Elizabeth Weeks on disasters and health care policy

Emergency health workersElizabeth Weeks
The impact of natural disasters on health care policy remains poorly documented. Newly arrived Jurisdynamics Network contributor Elizabeth Weeks is establishing herself as a leading expert in this field. Two of her recent papers attest to her prowess:

Disaster planning for health care providers following the September 11, 2001, terrorist attacks and, more recently, Hurricane Katrina, focuses on preparing hospitals and other emergency services to respond to victims' medical needs. But little attention has been paid to the challenges that providers would face resuming normal operations after responding to the catastrophe. A large-scale catastrophe could create unprecedented demand for health care and emergency services. Hospitals already struggle to fulfill the high demand for and high costs of emergency care. Following a major disaster, hospitals would face additional financial challenges. Strained capacity and financial reserves, may force hospitals to close, just as occurred with the two largest public hospitals in New Orleans, following Katrina. To prevent the initial crisis of a terrorist-related or natural disaster from spiraling into a lasting crisis in access to medical care, this Article proposes a three-part federal disaster relief program for hospitals to be implemented before the next catastrophe.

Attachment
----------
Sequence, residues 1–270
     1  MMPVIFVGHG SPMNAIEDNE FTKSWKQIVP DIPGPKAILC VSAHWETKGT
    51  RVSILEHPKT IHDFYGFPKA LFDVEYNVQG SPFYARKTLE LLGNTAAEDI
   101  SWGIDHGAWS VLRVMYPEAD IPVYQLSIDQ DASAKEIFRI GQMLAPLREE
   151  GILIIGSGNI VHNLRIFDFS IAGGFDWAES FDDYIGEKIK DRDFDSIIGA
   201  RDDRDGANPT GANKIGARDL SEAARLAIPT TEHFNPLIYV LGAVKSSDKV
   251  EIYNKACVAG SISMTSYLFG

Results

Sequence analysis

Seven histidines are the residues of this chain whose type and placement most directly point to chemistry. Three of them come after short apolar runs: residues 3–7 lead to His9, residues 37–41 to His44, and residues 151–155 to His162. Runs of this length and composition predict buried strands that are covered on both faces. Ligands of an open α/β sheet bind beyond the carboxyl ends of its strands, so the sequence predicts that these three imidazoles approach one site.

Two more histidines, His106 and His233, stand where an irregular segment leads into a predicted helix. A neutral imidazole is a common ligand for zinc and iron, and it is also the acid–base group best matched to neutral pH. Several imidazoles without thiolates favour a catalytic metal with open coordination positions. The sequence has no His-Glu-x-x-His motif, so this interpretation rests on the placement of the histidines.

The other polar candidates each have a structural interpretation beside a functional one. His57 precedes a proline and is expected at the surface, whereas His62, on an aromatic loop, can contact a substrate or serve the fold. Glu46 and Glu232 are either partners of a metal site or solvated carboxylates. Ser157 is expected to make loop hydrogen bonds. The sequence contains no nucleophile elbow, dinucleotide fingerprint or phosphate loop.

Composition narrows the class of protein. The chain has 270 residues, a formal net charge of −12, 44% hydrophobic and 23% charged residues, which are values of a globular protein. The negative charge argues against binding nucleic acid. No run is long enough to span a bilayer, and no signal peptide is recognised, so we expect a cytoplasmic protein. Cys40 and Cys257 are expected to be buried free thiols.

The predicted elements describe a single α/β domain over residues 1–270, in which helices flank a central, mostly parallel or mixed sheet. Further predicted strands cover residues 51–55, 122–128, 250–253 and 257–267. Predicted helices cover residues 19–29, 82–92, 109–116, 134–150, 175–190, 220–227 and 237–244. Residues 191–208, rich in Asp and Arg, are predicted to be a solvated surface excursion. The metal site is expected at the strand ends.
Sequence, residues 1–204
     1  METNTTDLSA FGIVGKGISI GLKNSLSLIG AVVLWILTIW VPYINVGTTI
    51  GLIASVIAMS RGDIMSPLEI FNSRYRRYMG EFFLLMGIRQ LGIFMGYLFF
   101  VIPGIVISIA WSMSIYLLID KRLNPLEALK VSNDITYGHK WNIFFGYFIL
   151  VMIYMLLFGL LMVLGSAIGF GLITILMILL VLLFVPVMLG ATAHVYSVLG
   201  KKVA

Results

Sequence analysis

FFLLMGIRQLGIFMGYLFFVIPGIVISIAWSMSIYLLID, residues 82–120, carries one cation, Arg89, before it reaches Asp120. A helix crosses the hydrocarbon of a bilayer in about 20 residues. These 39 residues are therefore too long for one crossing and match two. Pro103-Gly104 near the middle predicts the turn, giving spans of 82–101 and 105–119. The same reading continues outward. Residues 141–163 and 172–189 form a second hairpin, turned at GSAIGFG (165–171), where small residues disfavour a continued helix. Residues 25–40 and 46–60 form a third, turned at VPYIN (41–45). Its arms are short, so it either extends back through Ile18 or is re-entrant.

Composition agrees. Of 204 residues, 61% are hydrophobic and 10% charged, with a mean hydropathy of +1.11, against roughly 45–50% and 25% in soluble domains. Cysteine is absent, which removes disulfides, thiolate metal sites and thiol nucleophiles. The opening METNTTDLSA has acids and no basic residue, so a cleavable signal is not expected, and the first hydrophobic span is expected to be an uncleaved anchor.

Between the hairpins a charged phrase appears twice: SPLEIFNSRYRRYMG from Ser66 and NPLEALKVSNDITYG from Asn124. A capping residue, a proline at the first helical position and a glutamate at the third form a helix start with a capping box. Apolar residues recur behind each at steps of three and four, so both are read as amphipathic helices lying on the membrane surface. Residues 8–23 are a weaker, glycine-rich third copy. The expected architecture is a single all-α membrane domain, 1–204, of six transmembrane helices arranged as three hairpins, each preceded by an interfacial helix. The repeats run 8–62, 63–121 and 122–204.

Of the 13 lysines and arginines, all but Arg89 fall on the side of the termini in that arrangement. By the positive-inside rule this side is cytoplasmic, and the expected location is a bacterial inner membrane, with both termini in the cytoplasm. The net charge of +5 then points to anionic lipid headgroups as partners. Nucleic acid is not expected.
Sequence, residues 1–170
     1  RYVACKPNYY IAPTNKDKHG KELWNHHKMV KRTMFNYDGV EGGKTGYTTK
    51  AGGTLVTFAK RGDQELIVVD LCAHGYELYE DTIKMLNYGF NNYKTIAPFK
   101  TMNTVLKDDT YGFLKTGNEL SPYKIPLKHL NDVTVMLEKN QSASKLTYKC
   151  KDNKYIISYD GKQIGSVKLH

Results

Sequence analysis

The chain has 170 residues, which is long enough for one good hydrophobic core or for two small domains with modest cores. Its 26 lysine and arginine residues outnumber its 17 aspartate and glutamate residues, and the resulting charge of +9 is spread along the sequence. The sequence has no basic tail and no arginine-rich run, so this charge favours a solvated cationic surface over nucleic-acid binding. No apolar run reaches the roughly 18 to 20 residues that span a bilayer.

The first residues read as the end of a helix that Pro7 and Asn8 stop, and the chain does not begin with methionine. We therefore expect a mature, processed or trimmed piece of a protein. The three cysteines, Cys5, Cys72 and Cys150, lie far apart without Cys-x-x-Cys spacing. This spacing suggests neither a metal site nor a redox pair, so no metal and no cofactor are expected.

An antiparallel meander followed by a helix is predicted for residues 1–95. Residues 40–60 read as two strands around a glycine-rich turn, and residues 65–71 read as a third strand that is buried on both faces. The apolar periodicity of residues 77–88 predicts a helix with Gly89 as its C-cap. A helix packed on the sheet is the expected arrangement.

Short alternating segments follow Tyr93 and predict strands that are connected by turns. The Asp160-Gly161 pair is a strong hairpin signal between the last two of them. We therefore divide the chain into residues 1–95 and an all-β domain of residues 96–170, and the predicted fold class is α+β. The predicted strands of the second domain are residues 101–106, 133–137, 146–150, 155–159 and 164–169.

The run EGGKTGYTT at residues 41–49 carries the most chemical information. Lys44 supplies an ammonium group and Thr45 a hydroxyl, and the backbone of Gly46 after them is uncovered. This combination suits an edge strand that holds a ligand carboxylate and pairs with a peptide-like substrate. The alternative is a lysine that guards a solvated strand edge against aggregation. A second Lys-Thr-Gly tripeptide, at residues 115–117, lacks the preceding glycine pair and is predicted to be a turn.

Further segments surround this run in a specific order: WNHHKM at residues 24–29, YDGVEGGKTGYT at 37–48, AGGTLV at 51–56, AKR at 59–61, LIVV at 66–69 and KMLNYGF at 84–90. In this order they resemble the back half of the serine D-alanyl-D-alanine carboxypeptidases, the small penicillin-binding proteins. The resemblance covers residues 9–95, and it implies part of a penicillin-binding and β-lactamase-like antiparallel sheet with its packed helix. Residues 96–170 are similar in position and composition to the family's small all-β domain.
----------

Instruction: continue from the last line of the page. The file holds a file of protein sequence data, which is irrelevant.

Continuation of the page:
2. Lessons from Katrina: Response Recovery and the Public Health Infrastructure, 10 DePaul J. Health Care L. (forthcoming 2007):
Following the catastrophic events of 2005, including Hurricane Katrina, Pakistani Earthquakes, bird flu transmission to human populations, and the real threat of bioterrorism, government struggled in the aftermath to make sense of the devastation and human displacement. Medical teams, try as they might, are not always prepared and alerted as to how best investigate and quickly render assistance. [DePaul University's Symposium on Shaping a New Direction for Law and Medicine: An International Debate on Culture, Disaster, Biotechnology & Public Health] addressed the role of government, policy-makers, community organizations, the World Health Organization and other key players in properly situating and providing relief to respond to these issues. My paper describes both the immediate and lasting impact of Hurricane Katrina on the Gulf Region's health care infrastructure and recommends aproaches to prevent similar devastting effects in future disasters.